Running a Pattern
There are several types of patterns that are run in football. For the most part, typically more than one receiver runs a route during a pass play. These routes are designed to compliment one another and attack a defense in a particular way so that one or more receiver becomes open. However, if a particular defense is being run or the defender is doing a good job defensively, he must adjust his route or run to an area that will allow him to get open.
Further, if the receiver sees that his quarterback is being pressured and he is being covered, he must readjust what he is doing and find a way to provide an outlet to the QB. Most big plays occur from a scrambling quarterback finding a receiver looking for an open space. The designed play breaks down completely and the intelligence and the decisive actions of the receiver help to make what looked like an impending disaster turn into a big play. Although some of the biggest plays occur during these situations, a lot of big plays occur utilizing specific timing patterns.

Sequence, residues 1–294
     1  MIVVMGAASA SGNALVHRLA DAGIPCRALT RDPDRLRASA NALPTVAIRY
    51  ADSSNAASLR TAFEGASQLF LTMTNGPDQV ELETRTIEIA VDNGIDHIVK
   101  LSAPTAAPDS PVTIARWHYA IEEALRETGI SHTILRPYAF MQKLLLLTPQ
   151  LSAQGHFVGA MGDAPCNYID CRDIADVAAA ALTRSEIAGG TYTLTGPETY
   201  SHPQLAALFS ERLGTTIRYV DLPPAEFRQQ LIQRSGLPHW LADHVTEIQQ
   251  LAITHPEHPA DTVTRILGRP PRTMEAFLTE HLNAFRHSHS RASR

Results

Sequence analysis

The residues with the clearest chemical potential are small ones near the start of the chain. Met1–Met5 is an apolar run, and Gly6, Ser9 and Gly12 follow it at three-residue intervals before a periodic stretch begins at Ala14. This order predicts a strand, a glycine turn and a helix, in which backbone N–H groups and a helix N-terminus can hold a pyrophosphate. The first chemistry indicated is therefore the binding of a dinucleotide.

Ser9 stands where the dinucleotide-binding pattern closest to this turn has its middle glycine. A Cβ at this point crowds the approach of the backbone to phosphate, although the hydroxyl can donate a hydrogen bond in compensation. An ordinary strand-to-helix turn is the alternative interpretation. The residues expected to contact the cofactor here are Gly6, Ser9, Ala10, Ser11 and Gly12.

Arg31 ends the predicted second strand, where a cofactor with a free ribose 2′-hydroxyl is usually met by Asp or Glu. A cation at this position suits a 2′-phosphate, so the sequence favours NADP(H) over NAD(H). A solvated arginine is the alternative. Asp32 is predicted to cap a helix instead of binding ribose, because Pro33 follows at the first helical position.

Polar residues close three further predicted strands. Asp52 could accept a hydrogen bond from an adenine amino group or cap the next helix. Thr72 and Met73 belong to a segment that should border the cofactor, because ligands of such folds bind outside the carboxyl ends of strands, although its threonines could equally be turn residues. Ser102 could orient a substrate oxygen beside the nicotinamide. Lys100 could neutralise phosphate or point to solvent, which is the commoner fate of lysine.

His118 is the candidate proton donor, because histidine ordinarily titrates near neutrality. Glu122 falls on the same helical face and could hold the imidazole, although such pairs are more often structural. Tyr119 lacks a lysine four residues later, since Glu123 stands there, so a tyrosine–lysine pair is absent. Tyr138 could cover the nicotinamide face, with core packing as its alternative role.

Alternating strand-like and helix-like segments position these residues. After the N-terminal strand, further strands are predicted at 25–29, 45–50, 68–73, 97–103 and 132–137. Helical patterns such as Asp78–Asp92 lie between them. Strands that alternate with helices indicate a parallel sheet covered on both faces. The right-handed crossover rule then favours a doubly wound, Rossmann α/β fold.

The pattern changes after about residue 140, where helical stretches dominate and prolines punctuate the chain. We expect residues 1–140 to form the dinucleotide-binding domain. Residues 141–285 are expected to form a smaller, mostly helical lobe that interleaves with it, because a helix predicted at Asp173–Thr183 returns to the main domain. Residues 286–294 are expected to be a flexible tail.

Sometimes a timing pattern is run by an offense to attack a defense in a specific way. Usually it is a "quick hitter" or play designed to occur very fast. A great example is seen in the three step drop pass plays that most teams run. In these plays typically a QB takes just three drop steps in the pocket (most passes are five to seven drop steps) and fires a bullet to a receiver on an inside slant, fade or quick out pattern. These plays are designed to spread a defense out and allow a receiver to make a play. It requires a receiver that can get a quick release from the line of scrimmage, run a precision route and catch the ball. If any of these specific actions becomes delayed, the timing pattern will break down and the play may flop.
Catching the Ball
Obviously for a receiver this is the most important thing that he can do. If he cannot catch the ball he is useless as a receiver. However, we see receivers dropping passes all the time. Even the greatest receivers have dropped a few passes. Why is it so hard to catch a pass? It's simple, a receiver must have great concentration on the football and look it into his hands when thrown to. The same type of concentration must be had when a golfer swings his club or baseball player swings his bat.